Teel Plastics Inc. is growing its injection molding production with the purchase of two new presses to meet demand for swab sticks for COVID-19 testing, medical packaging and water filtration components for municipal wastewater treatment facilities.
Teel President Tom Thompson told Plastics News that injection molding now makes up about 6-7 percent of the Baraboo, Wis.-based firm's sales.
The company, which has primarily been in extrusion for the last 70 years, began to take interest in injection molding in 2017 when existing customers asked Teel to look into molding technologies to consolidate their vendor pools, Thompson said.
Teel purchased its first injection press that year, an Arburg machine, and has added two to three every nine to 12 months since then, he said.
Depending on the results of new customer project timing, Teel plans to buy two or three more machines, in addition to the two Teel already purchased in 2020, Thompson said.
"It's definitely growing very quickly," Thompson said. "We really felt from a market standpoint, we knew plastics, we have a lot of material knowledge, we have a lot of different capabilities with compounds and an analytical lab."
Teel is now running production on a total of eight Arburg machines, he said, including one 350-ton, one 110-ton and six 165-ton machines.
Over the next three years, Teel expects to expand with up to 26 injection molding presses, Thompson said.
"We see a very strong future for us in this area," Thompson said.
Teaming up with Arburg, Thompson said, was "another important factor" in Teel's move into the injection molding market. Arburg's local support "has been an asset," he said, with an Arburg maintenance, sales and service contact stationed about 15-20 miles away from Teel's headquarters and an Arburg training facility about 150 miles southeast in Elgin, Ill.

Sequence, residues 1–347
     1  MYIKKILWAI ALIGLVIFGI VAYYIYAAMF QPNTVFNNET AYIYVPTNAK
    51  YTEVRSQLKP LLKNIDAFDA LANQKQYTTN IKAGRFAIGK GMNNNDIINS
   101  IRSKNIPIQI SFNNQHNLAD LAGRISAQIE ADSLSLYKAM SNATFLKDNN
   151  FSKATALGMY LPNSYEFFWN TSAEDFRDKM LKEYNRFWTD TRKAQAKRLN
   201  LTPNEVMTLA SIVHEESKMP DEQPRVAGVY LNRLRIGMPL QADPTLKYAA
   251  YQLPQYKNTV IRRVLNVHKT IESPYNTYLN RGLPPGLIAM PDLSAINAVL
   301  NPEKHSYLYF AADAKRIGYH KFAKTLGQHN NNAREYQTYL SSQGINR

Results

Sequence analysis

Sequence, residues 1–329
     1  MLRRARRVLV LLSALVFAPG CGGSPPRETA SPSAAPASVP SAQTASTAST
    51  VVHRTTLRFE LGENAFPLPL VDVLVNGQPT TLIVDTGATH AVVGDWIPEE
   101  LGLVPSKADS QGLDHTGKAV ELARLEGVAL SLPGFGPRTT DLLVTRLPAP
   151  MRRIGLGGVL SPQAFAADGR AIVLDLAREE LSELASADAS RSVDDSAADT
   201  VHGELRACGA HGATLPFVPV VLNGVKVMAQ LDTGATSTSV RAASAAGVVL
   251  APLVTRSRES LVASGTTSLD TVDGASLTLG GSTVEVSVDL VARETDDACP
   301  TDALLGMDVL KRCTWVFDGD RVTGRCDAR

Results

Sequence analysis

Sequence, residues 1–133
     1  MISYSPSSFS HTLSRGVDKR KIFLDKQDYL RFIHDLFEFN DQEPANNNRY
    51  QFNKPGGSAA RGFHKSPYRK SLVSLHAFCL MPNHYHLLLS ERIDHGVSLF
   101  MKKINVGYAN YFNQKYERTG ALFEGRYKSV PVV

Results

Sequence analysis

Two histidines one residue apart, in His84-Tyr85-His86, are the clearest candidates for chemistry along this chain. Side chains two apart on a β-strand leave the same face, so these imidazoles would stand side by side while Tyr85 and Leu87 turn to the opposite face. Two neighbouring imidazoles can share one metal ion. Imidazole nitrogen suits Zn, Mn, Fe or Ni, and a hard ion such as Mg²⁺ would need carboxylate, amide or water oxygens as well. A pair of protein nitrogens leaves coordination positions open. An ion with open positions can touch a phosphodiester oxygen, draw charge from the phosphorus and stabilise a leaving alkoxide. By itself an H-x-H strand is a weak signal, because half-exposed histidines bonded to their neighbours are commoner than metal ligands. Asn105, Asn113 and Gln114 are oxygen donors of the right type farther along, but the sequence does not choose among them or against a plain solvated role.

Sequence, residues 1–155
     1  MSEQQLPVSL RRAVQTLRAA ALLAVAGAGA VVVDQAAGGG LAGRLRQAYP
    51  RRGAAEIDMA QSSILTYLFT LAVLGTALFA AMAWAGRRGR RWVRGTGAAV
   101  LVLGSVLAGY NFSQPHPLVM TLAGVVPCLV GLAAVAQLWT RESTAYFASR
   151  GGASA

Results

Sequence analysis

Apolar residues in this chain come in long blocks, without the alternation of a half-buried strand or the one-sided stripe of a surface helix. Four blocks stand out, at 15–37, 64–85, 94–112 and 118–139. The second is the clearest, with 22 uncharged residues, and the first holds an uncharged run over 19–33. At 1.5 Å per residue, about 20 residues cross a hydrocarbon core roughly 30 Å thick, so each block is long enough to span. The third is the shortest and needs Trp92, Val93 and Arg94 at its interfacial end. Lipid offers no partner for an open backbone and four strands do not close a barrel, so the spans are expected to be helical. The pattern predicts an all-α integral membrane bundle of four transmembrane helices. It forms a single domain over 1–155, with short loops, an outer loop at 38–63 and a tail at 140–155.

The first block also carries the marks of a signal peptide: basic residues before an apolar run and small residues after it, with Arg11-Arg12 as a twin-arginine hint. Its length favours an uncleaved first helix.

"We were just very impressed with how they manufactured the presses," Thompson said. "We decided not only to buy the presses but also the robots. We felt it was important to have that integration. We have one for each of our presses."
Currently about 75 percent of Teel's molding sales comes from the medical market, he said, and most of that is for existing customers. But Teel has brought on some new "very large Fortune 500" medical customers that are starting with small orders.
"I think that as they get to know us and we perform well for them, that business is going to continue to grow," Thompson said. "I feel good that they're giving us the chance at some of their molding opportunities, smaller opportunities. But if we do a good job for them it will lead to very large growth."
Teel has also started some assembly lines, which, combined with extrusion and injection molding, has "really helped" some customers, he said.
Half of Teel's injection molding machines have been working to produce swab sticks for COVID-19 testing, which is "an important part" of Teel's ramp up in the space, Thompson said.
"Some of these swab sticks are pretty intricate," he said. "They have break points and very different dimensions, which sometimes can cause, if you don't mold them correctly, the parts to bend a little bit as they cool. We haven't had that problem, but that's something our customers have had an issue with others that have tried molding these parts."
Typically, the machines have a 64-cavity mold running on four-second cycle, Thompson said, and "can really pump out the parts that are really high quality."